By now, you’ve put away your Halloween decorations and the Christmas advertising campaigns will be plastering our airwaves soon. Whether we want to or not, many of us will start thinking about the holiday season and going through the various annual rituals of extra cooking, shopping and decorating. But before you start rummaging through your closets for those lights you plan on stringing up, it’s important to plan on voting in the mid-term elections on November 6. It’s not just a privilege, it’s your responsibility. I don’t particularly remember how quickly I filled out a voter registration card after my 18th birthday but I still remember the first election in which I voted and how happy and excited I was to do so. It was just a minor school board election, and I might not have even gone to vote had my Economics teacher not mentioned it in class during the day (I was focused more on the upcoming Presidential that would be taking place when I was to enter college that fall) but after an early dinner that evening, I jumped on my bike and rushed right over to the polling place to exercise my newly-acquired right as a citizen. Being a relatively minor school board election, turnout was probably low but I truly felt a sense of privilege as I went into the voting booth.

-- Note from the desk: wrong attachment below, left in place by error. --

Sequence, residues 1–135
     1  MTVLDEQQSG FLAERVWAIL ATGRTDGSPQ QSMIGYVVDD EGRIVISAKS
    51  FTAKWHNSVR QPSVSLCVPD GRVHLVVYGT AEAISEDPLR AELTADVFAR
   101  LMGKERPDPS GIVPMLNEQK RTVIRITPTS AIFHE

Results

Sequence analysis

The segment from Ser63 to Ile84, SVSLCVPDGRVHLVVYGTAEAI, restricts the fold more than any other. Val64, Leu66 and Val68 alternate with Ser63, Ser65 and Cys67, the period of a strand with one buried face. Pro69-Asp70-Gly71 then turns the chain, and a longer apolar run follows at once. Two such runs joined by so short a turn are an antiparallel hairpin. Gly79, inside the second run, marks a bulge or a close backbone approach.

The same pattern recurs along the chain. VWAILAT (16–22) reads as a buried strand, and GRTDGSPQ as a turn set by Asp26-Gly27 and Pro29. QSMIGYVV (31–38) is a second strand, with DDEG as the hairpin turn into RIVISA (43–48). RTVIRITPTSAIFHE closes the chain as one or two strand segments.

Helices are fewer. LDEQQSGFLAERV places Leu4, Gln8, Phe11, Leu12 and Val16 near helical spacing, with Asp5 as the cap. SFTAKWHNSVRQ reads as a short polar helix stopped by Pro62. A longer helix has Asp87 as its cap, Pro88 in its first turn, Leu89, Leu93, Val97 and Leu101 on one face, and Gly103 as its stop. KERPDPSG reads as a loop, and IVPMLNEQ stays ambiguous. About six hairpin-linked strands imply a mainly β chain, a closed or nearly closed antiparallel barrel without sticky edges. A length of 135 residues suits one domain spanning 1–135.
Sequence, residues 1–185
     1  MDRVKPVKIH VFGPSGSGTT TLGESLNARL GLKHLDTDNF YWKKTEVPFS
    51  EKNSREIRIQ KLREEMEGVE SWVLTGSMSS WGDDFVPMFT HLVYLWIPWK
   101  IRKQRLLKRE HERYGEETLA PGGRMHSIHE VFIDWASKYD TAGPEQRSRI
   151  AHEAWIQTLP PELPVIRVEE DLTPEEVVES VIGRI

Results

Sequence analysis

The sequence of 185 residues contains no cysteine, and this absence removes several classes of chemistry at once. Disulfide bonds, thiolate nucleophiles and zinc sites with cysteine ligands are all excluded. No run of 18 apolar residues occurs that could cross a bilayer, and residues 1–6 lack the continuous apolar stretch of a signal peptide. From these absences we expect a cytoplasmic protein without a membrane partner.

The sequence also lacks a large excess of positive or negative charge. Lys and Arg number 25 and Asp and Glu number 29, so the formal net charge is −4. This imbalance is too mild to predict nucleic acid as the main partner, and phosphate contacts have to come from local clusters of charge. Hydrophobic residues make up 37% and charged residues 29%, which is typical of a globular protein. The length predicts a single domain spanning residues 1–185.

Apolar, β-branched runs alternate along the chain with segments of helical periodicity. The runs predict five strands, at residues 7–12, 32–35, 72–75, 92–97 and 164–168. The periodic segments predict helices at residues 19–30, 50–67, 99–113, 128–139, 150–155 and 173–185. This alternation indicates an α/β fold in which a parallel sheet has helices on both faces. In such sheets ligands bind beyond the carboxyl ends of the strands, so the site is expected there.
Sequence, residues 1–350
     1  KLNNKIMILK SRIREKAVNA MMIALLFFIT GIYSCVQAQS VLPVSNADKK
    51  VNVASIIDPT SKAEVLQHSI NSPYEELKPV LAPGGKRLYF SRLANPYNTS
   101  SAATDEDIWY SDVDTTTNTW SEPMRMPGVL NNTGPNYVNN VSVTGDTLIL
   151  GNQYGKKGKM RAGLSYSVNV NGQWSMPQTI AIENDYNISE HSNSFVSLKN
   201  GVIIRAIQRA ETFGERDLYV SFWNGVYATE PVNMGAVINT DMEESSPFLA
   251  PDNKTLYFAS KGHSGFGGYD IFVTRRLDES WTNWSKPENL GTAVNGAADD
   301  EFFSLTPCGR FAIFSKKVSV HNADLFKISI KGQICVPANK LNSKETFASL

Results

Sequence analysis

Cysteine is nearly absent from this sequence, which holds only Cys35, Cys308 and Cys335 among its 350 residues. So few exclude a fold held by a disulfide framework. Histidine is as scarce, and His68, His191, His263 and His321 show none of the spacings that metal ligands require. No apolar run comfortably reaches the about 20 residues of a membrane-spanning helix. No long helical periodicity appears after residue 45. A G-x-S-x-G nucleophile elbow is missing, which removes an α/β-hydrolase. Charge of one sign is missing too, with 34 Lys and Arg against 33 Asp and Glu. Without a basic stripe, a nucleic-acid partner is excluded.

I am not normally one to get political on this blog, and I am not here to endorse or criticize any particular candidate. But it’s our Congress that draws up and passes the various laws that reflect the policies proposed and enforced by our President. Every member of our House of Representatives is up for re-election while one third of our Senate also must be evaluated by the constituents in their states to determine if they will keep their jobs. We’ve had some of the most radical changes to our tax system that I’ve ever seen as a tax professional since I entered the field from my time at the Internal Revenue Service. If you don’t like the tax scheme then it’s up to you to vote out the politicians that allowed it to happen as they are the ones that wrote the law our President signed. If you are happy about the new system, then it’s up to you keep the people that wrote it in office. Either way, these elections are designed to bring what we the people want as a country, both for ourselves and for everyone. Our country isn’t perfect and the election process itself is no exception, but simply talking about what is wrong or what is right about our government does not have anywhere near the effect that voting out or re-electing the politicians that created the system we have. Admittedly, some states make it easier than others, with early and/or mail-in voting, but on November 6, all states have their polls open early in the morning and don’t close until late in the evening. I know it can be a hassle, but it’s important to find your way over to the polls, whether it’s before work, during lunch or after work. It shouldn’t take you long. As they’ve been saying for decades… Get Out and Vote!